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Getting Down in Liverpool
Cavern Club (Liverpool)
Member Name: proxam
Cavern Club (Liverpool)
Date: 15/07/07, updated on 04/11/13 (152 review reads)
Advantages: Famous music venue
Disadvantages: A little claustrophic
Imagine, a club dedicated to those brave and intrepid explorers of the dark and damp subterranean depths can meet and swap anecdotes of their adventures. And imagination is the closest I'll ever get to descending into the underworld.
One thing I will descend into though, is the murky world of tenuous links - Imagine, a song written by John Lennon...one quarter of the famous pop combo called The Beatles...who regularly played at a venue in Liverpool called...The Cavern Club. Spooky or what?
I am not and never was a big fan of The Beatles. Sure, I could appreciate their talent but they just didn't do it for me. Having said that, a visit to Liverpool wouldn't be complete without some Beatle-ish type of overtone.
So, finding ourselves in the 'Cavern Quarter' of Liverpool on a nippy Saturday afternoon last November, and in need of some liquid fortification, where better to slake the thirst than deep in the bowels of this most famous establishment.
The present day Cavern Club is not the original, but it's a pretty close replica. There are several myths that surround the cavern, but the truth is that it was rebuilt using the original bricks and on the original site.
Anyway, enough of myths and mystery, let's step inside...step being a very appropriate word. There are 30 steps down to the club itself so by the time you get there, you're ready for that lovely pint of foaming ale. It's therefore a bit of a disappointment to discover that the choice of beers on offer are limited, and unappetizing to boot. Oh well, bottles of Becks in hand we made our way to wards the stage area and, the club not being overly busy, managed to find a table. There are two stages and two bars but we just settled for the first one we chanced upon.
The cavern is not really a cavern at all (surprise, surprise) but a cellar although with all the cavernous vaulting it's well named. It's not as big as I imagined, although to be fair, I had never really given much thought to the dimensions before - as I'm frequently informed, size doesn't matter.
One thing that did strike me was the atmosphere of the place...mostly claustrophobic, but also slightly sweaty and 'ripe'. And this was when the place was decidedly quiet. I could only guess at the steamy, sweaty suffocation when the place is jumping. It's not very large either, apparently the present club occupies 75% of the floor space of the original. Still, in its heyday when the fab four played there over 300 times and attracted huge crowds, and health and safety standards were a little more lax than nowadays, it must have been something else.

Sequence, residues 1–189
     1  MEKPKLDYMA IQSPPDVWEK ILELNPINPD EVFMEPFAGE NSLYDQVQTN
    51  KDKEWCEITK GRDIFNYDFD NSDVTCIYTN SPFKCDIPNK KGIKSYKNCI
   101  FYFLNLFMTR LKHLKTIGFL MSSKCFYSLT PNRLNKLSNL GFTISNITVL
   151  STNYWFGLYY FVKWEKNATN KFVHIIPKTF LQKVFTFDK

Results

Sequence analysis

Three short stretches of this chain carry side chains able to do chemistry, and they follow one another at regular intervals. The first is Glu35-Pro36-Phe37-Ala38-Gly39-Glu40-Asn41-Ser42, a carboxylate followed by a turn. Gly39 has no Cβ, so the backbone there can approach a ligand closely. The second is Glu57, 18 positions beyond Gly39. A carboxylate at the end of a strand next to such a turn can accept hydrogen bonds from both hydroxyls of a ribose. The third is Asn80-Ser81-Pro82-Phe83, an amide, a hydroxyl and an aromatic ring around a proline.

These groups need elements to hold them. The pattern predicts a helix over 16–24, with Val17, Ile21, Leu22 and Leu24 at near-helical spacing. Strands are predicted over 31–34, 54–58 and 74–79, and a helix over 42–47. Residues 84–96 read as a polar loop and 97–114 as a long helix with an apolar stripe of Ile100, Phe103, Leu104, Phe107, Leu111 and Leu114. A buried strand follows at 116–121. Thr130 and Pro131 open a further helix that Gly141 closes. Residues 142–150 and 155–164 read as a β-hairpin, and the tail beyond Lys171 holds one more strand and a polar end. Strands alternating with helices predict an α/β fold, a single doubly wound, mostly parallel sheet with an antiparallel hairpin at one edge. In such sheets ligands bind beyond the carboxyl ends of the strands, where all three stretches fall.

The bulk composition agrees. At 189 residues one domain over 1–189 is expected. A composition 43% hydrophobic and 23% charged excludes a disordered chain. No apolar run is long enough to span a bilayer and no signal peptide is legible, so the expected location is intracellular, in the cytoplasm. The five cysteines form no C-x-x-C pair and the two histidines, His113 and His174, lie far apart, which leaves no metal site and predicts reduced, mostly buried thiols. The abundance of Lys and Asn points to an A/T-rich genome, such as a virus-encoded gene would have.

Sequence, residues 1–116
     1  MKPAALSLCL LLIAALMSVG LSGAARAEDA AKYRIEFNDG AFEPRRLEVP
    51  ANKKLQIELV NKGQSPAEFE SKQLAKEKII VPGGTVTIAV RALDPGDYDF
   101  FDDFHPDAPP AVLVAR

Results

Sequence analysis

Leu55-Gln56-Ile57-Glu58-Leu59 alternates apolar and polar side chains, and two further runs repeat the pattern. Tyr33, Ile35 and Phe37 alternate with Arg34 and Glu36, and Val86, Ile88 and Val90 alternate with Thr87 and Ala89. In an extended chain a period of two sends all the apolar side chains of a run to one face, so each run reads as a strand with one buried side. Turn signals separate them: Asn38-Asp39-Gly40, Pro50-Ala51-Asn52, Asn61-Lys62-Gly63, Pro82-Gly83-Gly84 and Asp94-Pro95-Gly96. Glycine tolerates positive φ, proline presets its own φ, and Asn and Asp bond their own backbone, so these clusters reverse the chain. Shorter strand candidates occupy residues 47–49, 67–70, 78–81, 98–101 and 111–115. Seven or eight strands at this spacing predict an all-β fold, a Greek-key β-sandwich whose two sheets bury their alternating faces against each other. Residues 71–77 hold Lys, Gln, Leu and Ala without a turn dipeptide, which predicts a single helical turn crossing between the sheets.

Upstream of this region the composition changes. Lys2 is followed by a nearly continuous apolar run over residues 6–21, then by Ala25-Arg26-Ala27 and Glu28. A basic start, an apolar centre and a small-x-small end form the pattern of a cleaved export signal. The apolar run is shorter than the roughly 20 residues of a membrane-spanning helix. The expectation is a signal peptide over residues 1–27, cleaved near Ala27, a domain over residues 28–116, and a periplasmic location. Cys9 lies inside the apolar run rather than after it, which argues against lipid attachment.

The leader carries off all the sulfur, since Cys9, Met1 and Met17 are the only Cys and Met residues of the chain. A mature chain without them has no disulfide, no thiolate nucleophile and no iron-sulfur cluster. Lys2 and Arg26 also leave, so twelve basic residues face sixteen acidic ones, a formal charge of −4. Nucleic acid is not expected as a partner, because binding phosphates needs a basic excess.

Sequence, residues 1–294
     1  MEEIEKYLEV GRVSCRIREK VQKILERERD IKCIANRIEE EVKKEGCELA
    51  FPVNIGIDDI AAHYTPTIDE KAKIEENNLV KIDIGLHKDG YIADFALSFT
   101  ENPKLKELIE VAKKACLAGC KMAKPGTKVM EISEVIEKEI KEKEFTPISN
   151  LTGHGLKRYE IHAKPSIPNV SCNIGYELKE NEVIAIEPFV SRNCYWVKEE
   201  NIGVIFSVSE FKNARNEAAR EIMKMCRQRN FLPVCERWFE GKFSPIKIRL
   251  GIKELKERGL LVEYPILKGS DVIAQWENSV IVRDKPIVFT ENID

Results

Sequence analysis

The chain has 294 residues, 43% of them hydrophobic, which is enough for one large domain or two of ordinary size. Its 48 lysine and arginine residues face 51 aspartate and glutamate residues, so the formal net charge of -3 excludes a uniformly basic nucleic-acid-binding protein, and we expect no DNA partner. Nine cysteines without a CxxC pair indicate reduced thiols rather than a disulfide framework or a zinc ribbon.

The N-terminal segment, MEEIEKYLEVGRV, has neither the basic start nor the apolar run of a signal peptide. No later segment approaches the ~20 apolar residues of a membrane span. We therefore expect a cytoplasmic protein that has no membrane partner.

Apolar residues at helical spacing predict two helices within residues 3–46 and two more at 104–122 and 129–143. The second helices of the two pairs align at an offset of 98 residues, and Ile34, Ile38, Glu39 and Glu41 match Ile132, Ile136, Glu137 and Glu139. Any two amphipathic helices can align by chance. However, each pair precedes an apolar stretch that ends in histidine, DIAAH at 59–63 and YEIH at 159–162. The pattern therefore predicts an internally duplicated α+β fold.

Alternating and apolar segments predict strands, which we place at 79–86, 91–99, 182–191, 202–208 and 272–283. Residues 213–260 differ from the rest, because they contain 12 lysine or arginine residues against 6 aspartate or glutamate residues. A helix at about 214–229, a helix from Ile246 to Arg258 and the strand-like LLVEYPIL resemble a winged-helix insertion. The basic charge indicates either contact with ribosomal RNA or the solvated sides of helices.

I don't know what goes on there on a regular basis (as I don't go there on a regular basis) but a visit to the website details gig guides etc. However, I can say that there are bands on Saturday afternoons. These aren't big name bands (not to me at least) but the standard of music wasn't too bad although I don't think the acoustics are the Cavern Club's big selling point.
There's not really much more to be said about The Cavern - as far as I know, they don't serve food, and the drinks on offer are the usual multi-national offerings - they're not too overpriced though, and admission was free.
The clientele, on that day at least, seemed mainly made up of visitors and tourists rather than the local, music-loving population. Perhaps it's different at other times, who knows.
A couple of fizzy beers later it was time to go (at my age, I can only stand so much noise and sweat and sticky floors) we climbed those 30 bliddy steps to the fresh, clean air of Matthew St. to be confronted the Wall of Fame directly opposite. This forms the frontage of the imaginatively named Cavern Pub and has the names of the 1801 bands who played the Cavern from 1957-73 etched into individual bricks. We spent quite a while rattling off all the famous names that made their way there. This is also where you'll find a statue of John Lennon for that ubiquitous photo opportunity.
The Cavern Quarter is not very large, but it's quite interesting with a few shops specialising in Beatle memorabilia. However, considering that the area was pretty busy with tourists probably looking to be parted with their hard-earned, I felt that much more could be done to fleec...accommodate said tourists.
If you're in central Liverpool, a visit to this area is well worth it even if you're not really interested in the fab four or the Merseybeat era in general. It's located very close to the main shopping area and is well signposted so you haven't really got an excuse not to go, 'ave you chuck?
Summary: A must for Beatles fans